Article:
When the Oscars unveiled this year’s nominees, many of us applauded the Oscar nods to some of our faves – Angela Basset, Ruth Carter. We wanted to give them a moment to bask in their glory and now that we’ve done that, can we talk about the ones who were snubbed?

The few movies by and about Black people that may have been considered Oscar bait this awards season — including a film about the aftermath of Emmett Till’s lynching in 1955, and “The Woman King” — did not make it to the list of nominations announced recently.

Past Oscar winner and star Viola Davis did not earn a nomination for her depiction of a woman warrior in 19th century West Africa, protecting the kingdom of Dahomey, in “The Woman King.” Davis, who has become a fixture of awards seasons, did earn a Golden Globe nomination for her performance, as well as a Screen Actors Guild nomination.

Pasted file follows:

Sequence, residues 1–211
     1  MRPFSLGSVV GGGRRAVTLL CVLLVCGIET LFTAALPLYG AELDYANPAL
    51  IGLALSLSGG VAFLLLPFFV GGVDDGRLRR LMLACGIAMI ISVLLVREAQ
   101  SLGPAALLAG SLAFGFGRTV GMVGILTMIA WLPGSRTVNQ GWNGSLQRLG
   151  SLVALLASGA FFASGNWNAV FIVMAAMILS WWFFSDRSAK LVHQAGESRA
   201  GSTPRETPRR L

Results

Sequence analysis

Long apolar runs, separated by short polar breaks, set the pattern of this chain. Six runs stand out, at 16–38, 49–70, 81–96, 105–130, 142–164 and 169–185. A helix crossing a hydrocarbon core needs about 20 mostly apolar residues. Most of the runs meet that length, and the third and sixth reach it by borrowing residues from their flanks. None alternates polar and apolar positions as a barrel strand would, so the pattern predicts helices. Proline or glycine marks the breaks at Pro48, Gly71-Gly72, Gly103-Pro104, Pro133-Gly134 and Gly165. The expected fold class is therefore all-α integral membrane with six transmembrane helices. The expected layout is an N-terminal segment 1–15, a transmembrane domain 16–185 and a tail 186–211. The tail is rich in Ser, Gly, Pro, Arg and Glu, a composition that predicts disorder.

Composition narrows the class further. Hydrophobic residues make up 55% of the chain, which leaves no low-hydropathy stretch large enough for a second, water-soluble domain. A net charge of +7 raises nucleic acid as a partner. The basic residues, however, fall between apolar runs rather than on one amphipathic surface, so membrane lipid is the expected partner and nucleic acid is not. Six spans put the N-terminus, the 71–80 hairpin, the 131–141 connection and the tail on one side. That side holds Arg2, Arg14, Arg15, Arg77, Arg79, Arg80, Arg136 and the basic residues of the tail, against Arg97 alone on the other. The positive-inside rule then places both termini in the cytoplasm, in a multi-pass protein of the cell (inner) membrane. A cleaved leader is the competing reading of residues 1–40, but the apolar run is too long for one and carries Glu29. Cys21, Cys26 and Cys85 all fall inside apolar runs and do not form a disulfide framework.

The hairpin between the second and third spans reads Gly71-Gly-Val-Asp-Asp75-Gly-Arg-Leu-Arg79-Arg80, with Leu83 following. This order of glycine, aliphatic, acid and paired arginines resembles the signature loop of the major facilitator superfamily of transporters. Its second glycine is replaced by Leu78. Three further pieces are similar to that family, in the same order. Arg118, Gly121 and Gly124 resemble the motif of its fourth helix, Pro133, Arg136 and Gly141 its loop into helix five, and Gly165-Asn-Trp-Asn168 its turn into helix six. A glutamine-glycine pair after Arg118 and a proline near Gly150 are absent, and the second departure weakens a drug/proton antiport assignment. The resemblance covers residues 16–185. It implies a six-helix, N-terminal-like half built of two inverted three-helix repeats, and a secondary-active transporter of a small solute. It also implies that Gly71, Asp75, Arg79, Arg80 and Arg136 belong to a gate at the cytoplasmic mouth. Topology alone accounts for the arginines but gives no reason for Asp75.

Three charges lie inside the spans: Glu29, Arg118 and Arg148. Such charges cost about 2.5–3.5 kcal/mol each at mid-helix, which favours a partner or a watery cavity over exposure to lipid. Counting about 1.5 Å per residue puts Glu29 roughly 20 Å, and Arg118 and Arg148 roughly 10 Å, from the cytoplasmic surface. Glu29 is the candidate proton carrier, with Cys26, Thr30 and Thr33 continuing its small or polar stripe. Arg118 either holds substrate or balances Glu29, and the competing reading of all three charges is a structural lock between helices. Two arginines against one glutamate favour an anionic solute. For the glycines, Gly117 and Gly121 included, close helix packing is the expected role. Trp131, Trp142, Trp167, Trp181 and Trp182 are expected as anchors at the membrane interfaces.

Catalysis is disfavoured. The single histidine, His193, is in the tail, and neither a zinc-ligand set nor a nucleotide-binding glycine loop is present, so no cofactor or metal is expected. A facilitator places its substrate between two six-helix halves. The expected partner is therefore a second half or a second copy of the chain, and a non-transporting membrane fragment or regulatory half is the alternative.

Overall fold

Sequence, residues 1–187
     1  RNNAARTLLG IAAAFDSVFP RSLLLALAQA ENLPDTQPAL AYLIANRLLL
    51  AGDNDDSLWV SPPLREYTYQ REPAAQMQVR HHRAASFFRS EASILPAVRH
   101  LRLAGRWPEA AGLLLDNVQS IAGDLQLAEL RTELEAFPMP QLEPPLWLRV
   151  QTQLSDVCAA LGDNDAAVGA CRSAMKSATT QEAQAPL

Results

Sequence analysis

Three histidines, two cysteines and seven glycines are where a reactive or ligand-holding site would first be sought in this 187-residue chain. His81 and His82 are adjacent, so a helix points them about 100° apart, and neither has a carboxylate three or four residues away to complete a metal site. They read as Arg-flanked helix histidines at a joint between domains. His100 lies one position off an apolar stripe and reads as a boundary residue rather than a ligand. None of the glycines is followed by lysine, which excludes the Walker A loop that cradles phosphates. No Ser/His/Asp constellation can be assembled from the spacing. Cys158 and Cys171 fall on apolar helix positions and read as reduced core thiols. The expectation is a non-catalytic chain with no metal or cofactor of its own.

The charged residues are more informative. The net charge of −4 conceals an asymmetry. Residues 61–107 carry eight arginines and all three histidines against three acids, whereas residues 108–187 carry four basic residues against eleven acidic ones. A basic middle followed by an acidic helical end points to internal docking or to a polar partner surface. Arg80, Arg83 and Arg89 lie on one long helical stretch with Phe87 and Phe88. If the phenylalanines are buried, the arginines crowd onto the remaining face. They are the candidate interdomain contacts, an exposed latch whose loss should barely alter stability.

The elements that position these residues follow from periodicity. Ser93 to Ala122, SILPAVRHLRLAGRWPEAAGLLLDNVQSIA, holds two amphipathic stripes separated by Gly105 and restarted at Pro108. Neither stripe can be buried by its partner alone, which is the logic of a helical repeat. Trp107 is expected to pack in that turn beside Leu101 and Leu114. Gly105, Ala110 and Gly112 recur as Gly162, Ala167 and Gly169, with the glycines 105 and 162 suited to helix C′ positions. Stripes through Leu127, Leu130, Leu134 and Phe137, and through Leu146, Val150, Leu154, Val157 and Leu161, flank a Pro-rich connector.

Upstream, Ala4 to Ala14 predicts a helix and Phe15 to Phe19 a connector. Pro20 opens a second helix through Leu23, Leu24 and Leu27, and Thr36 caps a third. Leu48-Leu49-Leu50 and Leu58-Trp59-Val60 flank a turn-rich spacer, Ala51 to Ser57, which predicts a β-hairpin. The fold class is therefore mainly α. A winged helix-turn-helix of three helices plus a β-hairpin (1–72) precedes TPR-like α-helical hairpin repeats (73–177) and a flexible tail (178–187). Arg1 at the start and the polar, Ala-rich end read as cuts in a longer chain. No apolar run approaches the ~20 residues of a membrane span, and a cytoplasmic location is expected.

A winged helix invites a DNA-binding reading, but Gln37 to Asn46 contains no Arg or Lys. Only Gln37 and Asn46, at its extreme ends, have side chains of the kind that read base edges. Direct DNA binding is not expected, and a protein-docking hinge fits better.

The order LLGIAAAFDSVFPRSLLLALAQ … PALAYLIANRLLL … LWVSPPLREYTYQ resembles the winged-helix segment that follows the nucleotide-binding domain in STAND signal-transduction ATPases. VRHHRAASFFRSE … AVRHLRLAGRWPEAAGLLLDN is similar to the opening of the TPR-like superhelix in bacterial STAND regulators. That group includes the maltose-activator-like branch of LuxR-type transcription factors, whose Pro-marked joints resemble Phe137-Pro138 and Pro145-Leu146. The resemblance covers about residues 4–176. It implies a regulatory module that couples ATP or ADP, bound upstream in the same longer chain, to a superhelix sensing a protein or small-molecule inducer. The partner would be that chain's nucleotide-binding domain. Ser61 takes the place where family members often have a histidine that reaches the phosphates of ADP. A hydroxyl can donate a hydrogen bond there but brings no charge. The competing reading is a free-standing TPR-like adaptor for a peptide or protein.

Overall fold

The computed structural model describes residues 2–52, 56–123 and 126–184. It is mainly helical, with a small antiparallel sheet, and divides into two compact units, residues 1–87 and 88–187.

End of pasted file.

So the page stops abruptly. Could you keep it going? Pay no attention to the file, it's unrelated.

“Till,” starring Danielle Deadwyler as Mamie Till-Mobley, chronicles the 14-year-old’s mother during her quest for justice after her child was brutally murdered. The film earned no Academy Award nominations.

No women were nominated in the directing category, shutting out a handful of Black women who helmed films this year, as it happened with the Golden Globe nominations earlier this year. Gina Prince-Bythewood, the director of “The Woman King” starring Davis, was not nominated, nor was Chinonye Chukwu, who directed “Till.”

In December, Chukwu said in an interview with Tyler Perry for Variety that she felt inspired to break through the anxiety she had in directing “Till” by doing justice to Black ancestors.

“I had deep, deep anxiety beforehand. because of the significance of the story, and the weight of it, and the responsibility of it,” she said. “And so, I had all that going into it, and then I had to let it all go.”

While the science fiction horror film “Nope” had been lauded by film festivals and critics associations, the movie directed by Oscar winner Jordan Peele and starring Keke Palmer, Daniel Kaluuya and Brandon Perea earned no nominations.

One surprise nominee came for Bryan Tyree Henry who is up for best supporting actor for his role as James Aucoin, an amputee who bonds with a soldier recovering from a traumatic brain injury, as played by Jennifer Lawrence in “Causeway.”